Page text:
Photographer Samuel Fosso, whose renowned self-portraits have made him one of Africa’s most popular artists, is exhibiting for the first time in Nigeria, where he grew up in the grip of the brutal Biafran war.
Fosso, a Cameroonian national, is known for taking chameleon-like photos of himself dressed as a range of figures from black African and American life – from musicians to pop-culture icons to political leaders.
Nicknamed the “Man of a Thousand Faces”, his pictures have been shown in major museums across Europe, in a career that has taken him far from Nigeria, his mother’s homeland.
“It’s very emotional for me to be here,” the 51-year-old told AFP as he premiered his latest work at the fourth edition of Lagos Photo, an international photography festival.
Fosso’s appearance is a major coup for organisers of the annual festival, which began last week and this year brings together some of the greatest names in contemporary photography, including Britain’s Martin Parr and Spain’s Cristina de Middel.
“When I suggested bringing Samuel Fosso, everyone told me, ‘You’re too late’, or ‘He’s too well-known’,” said the founder of the exhibition, Azu Nwagbogu.
“Then I contacted him via Facebook and he spoke to me in Igbo. I was shocked! I didn’t know about this part of his life with Nigeria.”
Fosso needed nearly a year of preparation to produce “The Emperor of Africa”, his piece for the exhibit – a collection of five self-portraits in which he dresses as former Chinese Communist Party chairman Mao Zedong and through which he explores the relationship between China and Africa.
He also needed a production director and about 10 other people, including make-up artists, technicians and a costume designer for a day’s shoot in the French capital, Paris.
This is a far cry from Fosso’s first studio, in the Central African Republic, where at the age of just 13 he began photographing himself using the unused ends of the rolls of film brought in by his clients.
“But it was already a major production at the time,” said gallery owner Jean-Marc Patras, who has represented him exclusively since 2001.
“Even in the 1970s, Samuel left nothing to chance, be it make-up, costumes or lighting.”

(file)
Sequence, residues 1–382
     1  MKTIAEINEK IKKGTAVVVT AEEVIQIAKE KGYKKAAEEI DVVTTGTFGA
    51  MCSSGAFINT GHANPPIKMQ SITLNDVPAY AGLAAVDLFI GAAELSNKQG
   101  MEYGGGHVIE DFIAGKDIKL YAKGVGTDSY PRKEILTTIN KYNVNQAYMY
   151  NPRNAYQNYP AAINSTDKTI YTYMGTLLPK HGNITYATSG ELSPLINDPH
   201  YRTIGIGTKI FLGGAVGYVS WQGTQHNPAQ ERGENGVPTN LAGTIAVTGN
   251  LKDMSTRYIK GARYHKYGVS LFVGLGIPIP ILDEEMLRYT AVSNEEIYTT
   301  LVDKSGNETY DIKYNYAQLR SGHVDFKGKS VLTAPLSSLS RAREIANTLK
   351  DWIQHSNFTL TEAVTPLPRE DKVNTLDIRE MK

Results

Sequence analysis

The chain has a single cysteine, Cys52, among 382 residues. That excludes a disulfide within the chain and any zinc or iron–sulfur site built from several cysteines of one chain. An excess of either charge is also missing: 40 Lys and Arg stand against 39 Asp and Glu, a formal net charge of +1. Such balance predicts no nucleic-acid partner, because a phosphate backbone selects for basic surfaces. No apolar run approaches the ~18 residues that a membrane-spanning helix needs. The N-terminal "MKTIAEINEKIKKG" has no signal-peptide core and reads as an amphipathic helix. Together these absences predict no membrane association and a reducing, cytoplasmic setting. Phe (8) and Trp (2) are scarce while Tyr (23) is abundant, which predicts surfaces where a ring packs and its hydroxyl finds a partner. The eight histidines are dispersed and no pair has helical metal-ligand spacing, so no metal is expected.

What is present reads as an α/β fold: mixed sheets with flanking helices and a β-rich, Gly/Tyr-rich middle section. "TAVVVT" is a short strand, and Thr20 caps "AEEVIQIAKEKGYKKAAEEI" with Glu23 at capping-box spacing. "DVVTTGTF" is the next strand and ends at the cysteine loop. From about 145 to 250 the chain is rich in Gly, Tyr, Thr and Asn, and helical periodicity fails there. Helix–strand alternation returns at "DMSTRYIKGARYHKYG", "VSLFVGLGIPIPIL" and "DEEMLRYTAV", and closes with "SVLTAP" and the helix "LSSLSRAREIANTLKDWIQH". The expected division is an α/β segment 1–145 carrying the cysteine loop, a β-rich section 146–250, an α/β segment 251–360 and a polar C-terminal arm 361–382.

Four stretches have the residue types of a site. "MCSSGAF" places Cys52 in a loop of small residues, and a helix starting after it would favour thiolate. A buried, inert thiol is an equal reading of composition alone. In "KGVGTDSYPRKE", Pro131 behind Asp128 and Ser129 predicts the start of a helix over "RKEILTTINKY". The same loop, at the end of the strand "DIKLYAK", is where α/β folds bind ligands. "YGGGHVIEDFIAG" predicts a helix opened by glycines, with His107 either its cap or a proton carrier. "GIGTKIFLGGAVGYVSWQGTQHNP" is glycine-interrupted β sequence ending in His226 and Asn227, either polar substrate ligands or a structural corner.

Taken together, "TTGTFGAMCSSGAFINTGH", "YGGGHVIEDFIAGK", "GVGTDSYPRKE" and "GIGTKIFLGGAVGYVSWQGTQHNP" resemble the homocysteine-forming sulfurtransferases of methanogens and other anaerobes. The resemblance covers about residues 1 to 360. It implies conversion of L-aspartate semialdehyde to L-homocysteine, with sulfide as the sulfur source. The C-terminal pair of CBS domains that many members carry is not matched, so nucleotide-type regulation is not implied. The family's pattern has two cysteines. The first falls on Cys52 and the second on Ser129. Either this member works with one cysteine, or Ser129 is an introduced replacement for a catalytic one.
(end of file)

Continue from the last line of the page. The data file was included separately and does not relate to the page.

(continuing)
Uprooted by Biafran war
Fosso has no photos from his own childhood but says he has never forgotten the traumatic images of the Biafran war, which claimed nearly one million lives between 1967 and 1970 after the southeastern region broke away and declared itself a republic.
Aged barely five, Fosso lost his mother and found refuge in the forest with his grandparents, both of them from the Igbo ethnic group at the centre of the conflict.
“Thank God I had a robust constitution,” he said.
Fosso was the only child of his age to survive from his entire family. The images of burnt and disfigured bodies, the bloated stomachs and twisted limbs of malnourished children and hunger have remained with him, he says.
Aged 10, Fosso left his village in Nigeria, Ebunwana Edda, to work in his uncle’s shoe-making shop in Bangui, the capital of the Central African Republic.
Three years later, in 1975, he opened his first photographic studio with the motto: “With Studio National, you will be beautiful, stylish, dainty and hard to forget.”
Once the shop shut in the evening, he made himself up and got in front of the camera.
Inspired by magazine cuttings, Fosso imitated his idols – black African and American musicians.
He bought himself a pair of two-tone platform leather boots to dress up as Cameroonian-Nigerian singer Prince Nico Mbarga, whose Highlife-style song Sweet Mother was then a radio hit.
Fosso took the photos for himself and as a lasting memory for his as-yet unborn children and his maternal grandmother still in Nigeria, who repeatedly told him when he was a child that he was “the best-looking in the village”.
Until 1993, that is, when French photographer Bernard Descamps, on the hunt for talent to show at a new African photography festival, arrived in Fosso’s studio.
Impressed by his self-portraits, Descamps asked Fosso if he could take the negatives with him back to Paris. A year later, Fosso received an Air Afrique ticket for Mali, where he would win his first award at the Bamako Encounters, a photo show that has become a major biennial exhibition.
Six-figure price tags
Today, Fosso’s self-portraits have been included in collections at London’s Tate Modern and the Pompidou Centre and Quai Branly museums in Paris.
The wealthy Congolese entrepreneur Sindika Dokolo, a major collector of contemporary African art, bought three series of self-portraits from Fosso, including “African Spirits”, a homage to major figures of the pan-Africanism movement and the fight for civil rights in the United States, which carry a price tag of at least $135 000.
But Fosso has not altogether left his studio in the Miskine district of Bangui.
Despite his success and daily hardships in the Central African Republic, which is riven by instability after rebels overthrew the previous government in March, he said simply: “I’ve got my own way of doing things there.”
And if he ever leaves, he says, it will not be for Europe but for his village in Nigeria, where his wife Nenna, mother of their four sons, was born.
Cecile De Comarmond for AFP